By Andy Mannix
By Caleb Hannan
By Olivia LaVecchia
By CP Staff
By Aaron Rupar
By Jacob Wheeler
By Olivia LaVecchia
By Aaron Rupar
AS THE SITUATION in Iraq grows ever more tenuous, the Bush administration continues to spin the ominous news with matter-of-fact optimism. According to Secretary of Defense Donald Rumsfeld, Iraqi uprisings in half a dozen cities, accompanied by the deaths of more than 100 soldiers in the month of April alone, is something to be viewed in the context of "good days and bad days," merely "a moment in Iraq's path towards a free and democratic system." More recently, the president himself asserted, "Our coalition is standing with responsible Iraqi leaders as they establish growing authority in their country."
But according to a closely held Coalition Provisional Authority (CPA) memo written in early March, the reality isn't so rosy. Iraq's chances of seeing democracy succeed, according to the memo's author -- a US government official detailed to the CPA, who wrote this summation of observations he'd made in the field for a senior CPA director -- have been severely imperiled by a year's worth of serious errors on the part of the Pentagon and the CPA, the US-led multinational agency administering Iraq. Far from facilitating democracy and security, the memo's author fears, US efforts have created an environment rife with corruption and sectarianism likely to result in civil war.
Provided to this reporter by a Western intelligence official, the memo was partially redacted to protect the writer's identity and to "avoid inflaming an already volatile situation" by revealing the names of certain Iraqi figures. A wide-ranging and often acerbic critique of the CPA, covering topics ranging from policy, personalities, and press operations to on-the-ground realities such as electricity, the document is not only notable for its candidly troubled assessment of Iraq's future. It is also significant, according to the intelligence official, because its author has been a steadfast advocate of "transforming" the Middle East, beginning with "regime change" in Iraq.
'The trigger for civil war'
Signs of the author's continuing support for the US invasion and occupation are all over the memo, which was written to a superior in Baghdad and circulated among other CPA officials. He praises Iraqi National Congress leader Ahmed Chalabi, and laments a lack of unqualified US support for Chalabi, a long-time favorite of Washington hawks. (It bears noting that Chalabi was tried and convicted in absentia by the Jordanian government for bank embezzlement, in 1989, and has come under fire more recently for peddling dubious pre-war intelligence to the US.) The author also asserts that "what we have accomplished in Iraq is worth it." And his predictions sometimes hew to an improbably sunny view. Violence is likely, he says, for only "two or three days after arresting" radical cleric Muqtada al Sadr, an event that would "make other populist leaders think twice" about bucking the CPA. Written only weeks ago, these predictions seem quite unwarranted, since simply trying to arrest al Sadr has resulted in more than two weeks of bloody conflict -- with no end in sight -- and seems to have engendered more cooperation between anti-Coalition forces than before.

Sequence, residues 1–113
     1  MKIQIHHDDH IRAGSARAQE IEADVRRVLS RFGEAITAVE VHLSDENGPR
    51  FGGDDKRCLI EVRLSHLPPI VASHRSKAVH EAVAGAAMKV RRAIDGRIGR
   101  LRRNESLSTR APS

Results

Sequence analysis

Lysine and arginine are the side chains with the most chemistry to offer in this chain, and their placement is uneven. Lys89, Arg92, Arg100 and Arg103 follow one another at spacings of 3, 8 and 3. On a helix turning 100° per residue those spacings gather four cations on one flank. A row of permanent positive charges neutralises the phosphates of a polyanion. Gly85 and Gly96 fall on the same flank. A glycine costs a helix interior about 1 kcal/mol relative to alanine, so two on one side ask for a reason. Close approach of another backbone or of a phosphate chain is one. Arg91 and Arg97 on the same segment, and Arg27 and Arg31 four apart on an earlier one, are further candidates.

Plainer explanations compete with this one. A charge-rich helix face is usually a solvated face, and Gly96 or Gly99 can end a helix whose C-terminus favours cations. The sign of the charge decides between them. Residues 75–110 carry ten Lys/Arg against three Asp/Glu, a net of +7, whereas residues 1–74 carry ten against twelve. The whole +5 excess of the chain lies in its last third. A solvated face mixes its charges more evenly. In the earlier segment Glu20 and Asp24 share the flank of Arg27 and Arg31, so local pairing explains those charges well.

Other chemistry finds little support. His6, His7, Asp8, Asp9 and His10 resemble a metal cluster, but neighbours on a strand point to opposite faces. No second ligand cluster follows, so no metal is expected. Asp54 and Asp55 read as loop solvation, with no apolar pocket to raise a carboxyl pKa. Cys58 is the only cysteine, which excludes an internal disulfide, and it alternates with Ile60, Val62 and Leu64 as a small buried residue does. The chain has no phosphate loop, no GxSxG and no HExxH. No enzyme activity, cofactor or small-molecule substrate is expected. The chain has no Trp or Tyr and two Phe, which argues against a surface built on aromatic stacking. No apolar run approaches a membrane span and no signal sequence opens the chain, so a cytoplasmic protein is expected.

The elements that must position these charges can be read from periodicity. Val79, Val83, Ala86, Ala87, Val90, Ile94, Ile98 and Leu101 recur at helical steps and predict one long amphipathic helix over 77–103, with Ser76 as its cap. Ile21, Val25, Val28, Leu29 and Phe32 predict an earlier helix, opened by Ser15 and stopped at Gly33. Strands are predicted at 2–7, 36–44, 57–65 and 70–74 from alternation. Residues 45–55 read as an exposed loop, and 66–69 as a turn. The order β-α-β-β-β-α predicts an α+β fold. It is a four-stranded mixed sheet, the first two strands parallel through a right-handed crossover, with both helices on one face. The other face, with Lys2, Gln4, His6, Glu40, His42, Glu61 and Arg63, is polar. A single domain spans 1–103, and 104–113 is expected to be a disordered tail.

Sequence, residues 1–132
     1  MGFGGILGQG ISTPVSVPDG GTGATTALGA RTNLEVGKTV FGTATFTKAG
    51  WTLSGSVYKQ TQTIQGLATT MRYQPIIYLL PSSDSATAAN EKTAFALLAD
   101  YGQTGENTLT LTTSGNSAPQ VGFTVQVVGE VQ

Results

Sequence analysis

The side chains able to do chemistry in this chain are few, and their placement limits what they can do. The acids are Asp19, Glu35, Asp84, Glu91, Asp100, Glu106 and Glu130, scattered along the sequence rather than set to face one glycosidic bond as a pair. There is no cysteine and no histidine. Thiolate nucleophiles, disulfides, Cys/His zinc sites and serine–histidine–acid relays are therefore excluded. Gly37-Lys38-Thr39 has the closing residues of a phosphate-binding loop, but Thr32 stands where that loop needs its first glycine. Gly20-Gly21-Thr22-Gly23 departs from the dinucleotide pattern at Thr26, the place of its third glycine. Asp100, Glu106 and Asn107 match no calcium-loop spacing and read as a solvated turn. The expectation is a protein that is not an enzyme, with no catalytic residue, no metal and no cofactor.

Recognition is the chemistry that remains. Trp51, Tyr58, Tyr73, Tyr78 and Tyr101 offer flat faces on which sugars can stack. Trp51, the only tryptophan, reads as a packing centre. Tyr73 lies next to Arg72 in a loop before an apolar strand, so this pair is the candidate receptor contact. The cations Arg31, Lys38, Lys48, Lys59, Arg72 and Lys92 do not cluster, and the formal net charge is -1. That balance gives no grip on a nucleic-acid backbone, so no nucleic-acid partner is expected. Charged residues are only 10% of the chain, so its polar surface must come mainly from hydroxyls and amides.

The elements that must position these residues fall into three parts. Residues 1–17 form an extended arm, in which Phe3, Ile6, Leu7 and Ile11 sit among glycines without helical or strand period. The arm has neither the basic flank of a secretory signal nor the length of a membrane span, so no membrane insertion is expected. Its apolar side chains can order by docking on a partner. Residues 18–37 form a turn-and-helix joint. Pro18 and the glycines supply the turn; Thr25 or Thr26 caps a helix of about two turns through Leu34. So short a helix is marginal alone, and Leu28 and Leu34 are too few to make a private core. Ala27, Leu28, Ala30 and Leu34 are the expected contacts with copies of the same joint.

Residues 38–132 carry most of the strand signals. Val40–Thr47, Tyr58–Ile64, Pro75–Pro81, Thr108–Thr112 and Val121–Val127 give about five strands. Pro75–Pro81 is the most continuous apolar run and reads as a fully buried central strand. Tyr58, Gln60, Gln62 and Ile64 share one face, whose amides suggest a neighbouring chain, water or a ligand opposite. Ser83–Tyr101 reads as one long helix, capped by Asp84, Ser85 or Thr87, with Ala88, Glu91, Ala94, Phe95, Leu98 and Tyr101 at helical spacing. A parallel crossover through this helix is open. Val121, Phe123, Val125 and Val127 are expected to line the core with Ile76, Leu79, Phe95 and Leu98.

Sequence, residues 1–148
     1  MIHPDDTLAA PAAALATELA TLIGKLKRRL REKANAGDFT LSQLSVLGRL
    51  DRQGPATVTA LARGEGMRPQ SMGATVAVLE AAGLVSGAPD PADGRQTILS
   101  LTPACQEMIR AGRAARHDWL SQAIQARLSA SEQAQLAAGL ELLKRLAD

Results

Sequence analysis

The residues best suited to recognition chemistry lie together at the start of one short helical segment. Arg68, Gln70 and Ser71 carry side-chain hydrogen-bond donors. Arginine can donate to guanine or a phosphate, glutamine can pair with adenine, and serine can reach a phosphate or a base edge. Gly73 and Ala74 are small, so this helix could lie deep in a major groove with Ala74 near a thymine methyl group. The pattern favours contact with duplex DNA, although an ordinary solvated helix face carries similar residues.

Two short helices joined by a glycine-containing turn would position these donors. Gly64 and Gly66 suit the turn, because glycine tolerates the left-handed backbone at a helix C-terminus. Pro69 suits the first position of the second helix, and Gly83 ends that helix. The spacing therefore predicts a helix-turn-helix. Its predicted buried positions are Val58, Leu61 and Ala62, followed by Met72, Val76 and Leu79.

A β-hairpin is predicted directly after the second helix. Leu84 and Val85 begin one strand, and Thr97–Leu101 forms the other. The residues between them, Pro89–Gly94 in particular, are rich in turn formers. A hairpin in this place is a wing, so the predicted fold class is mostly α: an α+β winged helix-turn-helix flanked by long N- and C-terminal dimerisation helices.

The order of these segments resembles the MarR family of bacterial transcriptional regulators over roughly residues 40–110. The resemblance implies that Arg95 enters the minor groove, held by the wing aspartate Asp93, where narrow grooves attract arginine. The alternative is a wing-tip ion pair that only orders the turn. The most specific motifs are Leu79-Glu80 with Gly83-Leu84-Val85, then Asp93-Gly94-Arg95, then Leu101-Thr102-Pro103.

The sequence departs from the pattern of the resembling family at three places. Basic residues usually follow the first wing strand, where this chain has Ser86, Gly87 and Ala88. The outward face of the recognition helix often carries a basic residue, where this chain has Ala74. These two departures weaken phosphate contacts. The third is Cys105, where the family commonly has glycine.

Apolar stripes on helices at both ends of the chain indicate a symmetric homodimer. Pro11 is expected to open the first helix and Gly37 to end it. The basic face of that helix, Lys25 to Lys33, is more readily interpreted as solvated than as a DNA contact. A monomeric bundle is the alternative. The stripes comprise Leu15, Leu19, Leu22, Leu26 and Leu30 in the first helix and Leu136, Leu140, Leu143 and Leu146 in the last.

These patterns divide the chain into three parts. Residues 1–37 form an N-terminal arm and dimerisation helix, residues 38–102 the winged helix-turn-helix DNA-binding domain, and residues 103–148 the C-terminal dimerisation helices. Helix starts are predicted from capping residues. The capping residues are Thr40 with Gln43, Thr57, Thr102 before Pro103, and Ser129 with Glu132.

Yet the memo is gloomy in most other respects, portraying a country mired in dysfunction and corruption, overseen by a CPA that "handle(s) an issue like six-year-olds play soccer: Someone kicks the ball and one hundred people chase after it hoping to be noticed, without a care as to what happens on the field." But it is particularly pointed on the subject of cronyism and corruption within the Governing Council, the provisional Iraqi government subordinate to the CPA whose responsibilities include re-staffing Iraq's government departments. "In retrospect," the memo asserts, "both for political and organizational reasons, the decision to allow the Governing Council to pick 25 ministers did the greatest damage. Not only did we endorse nepotism, with men choosing their sons and brothers-in-law; but we also failed to use our prerogative to shape a system that would work ... our failure to promote accountability has hurt us."
In the broadest sense, according to the memo's author, the CPA's bunker-in-Baghdad mentality has contributed to the potential for civil war all over the country. "[CPA Administrator L. Paul] Bremer has encouraged re-centralization in Iraq because it is easier to control a Governing Council less than a kilometer away from the Palace, rather than 18 different provincial councils who would otherwise have budgetary authority," he says. The net effect, he continues, has been a "desperation to dominate Baghdad, and an absolutism born of regional isolation." The memo also describes the CPA as "handicapped by [its] security bubble," and derides the US government for spending "millions importing sport utility vehicles which are used exclusively to drive the kilometer and a half" between CPA and Governing Council headquarters when "we would have been much better off with a small fleet of used cars and a bicycle for every Green Zone resident."
While the memo upbraids CPA officials -- an apparent majority -- who stay inside the Green Zone in the name of personal safety, it also maintains that the Green Zone itself is "less than secure," both for Westerners and Iraqis. According to the author, "screening for Iranian agents and followers of Muqtada al Sadr is inconsistent at best," and anti-CPA elements can easily gather basic intelligence, since no one is there to "prevent people from entering the parking lot outside the checkpoint to note license plate numbers of 'collaborators.'"
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